TOKYO: Japan’s Nikkei dropped to a near three-week low on Friday morning as renewed US-China trade fears curbed risk appetite, while dismal earnings results from Japan continued to sour sentiment.
The Nikkei share average sank 1.9% to 20,353.40 in midmorning trade, the lowest level since Jan 17.
For the week, the Nikkei is on track to post a 2% decline.
US President Donald Trump said he did not plan to meet with Chinese President Xi Jinping before the March 1 deadline set by the two countries for reaching an agreement.
“Investors are getting nervous since the market had been optimistic about a resolution of the trade dispute since the beginning of the year,” said Shusuke Yamada, chief Japan FX strategist at Bank Of America Merrill Lynch.
The Japanese market was already under pressure with bluechip companies cutting their forecasts.
According to Daiwa Securities, of 200 major companies that the brokerage covers, 117 companies had reported their third-quarter results as of Feb 6.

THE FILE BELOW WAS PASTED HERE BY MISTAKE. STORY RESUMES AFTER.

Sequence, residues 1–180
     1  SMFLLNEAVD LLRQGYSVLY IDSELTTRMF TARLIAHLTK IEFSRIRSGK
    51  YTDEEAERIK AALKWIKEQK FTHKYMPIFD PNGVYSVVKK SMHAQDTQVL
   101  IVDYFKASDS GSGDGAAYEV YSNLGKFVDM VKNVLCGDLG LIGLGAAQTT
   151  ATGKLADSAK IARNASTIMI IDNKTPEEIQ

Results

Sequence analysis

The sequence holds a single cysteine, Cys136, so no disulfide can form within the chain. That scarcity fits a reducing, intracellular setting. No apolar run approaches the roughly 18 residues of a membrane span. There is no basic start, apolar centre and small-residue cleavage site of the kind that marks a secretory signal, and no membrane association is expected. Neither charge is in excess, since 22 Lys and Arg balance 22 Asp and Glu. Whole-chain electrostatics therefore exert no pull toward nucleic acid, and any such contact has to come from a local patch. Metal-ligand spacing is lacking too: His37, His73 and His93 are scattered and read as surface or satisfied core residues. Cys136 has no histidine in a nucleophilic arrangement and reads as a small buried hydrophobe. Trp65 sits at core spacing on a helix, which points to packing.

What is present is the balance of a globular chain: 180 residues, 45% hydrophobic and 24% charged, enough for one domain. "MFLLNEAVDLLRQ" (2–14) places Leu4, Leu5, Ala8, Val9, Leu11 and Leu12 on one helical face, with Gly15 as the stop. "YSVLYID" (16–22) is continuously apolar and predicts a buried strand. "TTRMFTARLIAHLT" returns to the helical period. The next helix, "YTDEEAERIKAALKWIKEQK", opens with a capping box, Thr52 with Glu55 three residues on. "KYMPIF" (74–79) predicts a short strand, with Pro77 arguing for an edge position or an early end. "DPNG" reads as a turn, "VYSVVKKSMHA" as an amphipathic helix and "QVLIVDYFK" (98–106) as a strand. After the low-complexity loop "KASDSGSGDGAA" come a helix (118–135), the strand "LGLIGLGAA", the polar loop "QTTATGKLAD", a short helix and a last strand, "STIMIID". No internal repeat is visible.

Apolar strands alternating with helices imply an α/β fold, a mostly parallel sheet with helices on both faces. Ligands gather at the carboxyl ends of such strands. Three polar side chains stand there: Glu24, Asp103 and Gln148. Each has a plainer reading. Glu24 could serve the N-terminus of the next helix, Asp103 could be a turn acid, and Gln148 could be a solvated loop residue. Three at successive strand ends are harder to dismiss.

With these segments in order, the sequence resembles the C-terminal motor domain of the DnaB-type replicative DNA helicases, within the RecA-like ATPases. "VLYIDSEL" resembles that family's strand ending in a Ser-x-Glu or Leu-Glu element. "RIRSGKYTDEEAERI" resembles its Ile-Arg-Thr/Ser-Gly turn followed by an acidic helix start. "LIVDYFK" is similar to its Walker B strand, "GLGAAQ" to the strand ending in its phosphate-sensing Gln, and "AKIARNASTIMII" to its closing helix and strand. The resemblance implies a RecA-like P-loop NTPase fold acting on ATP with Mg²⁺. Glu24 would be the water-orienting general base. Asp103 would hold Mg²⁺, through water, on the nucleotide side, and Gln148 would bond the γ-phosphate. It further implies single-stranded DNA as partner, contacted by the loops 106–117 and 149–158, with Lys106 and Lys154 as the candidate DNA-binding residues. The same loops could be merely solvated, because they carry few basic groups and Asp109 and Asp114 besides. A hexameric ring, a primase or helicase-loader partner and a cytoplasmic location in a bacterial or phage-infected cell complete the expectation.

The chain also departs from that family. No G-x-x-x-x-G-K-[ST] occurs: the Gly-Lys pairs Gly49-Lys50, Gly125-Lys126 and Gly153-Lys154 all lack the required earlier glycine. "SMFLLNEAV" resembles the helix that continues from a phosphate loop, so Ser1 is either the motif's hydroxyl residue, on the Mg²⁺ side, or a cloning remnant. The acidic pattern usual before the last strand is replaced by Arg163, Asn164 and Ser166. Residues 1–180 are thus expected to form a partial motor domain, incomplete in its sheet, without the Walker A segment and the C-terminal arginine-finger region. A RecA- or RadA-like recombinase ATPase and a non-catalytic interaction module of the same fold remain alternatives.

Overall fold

A total of 31 companies cut their annual forecasts on a pretax profit basis, Daiwa said.
On Friday, Nikon dived 11% after the company cut its annual operating profit forecast for its imaging business on struggling camera and chip equipment operations, which have been hit by falling demand in China.
Investors’ risk-averse stance dragged down cyclical stocks such as machinery firms which have large exposure to China.
Fanuc tumbled 3.7%, Komatsu tanked 3.1% and Hitachi Construction Machinery plunged 3.8%.
Bucking the weakness, Sony soared 5% after it announced a share buyback of 100 billion yen (US$910 million) – it’s first ever aimed at boosting shareholder returns.
The broader Topix declined 1.8% to 1,541.11, with all of its 33 subsectors in negative territory.
Declining issues outnumbered advancing ones 1,735 to 340.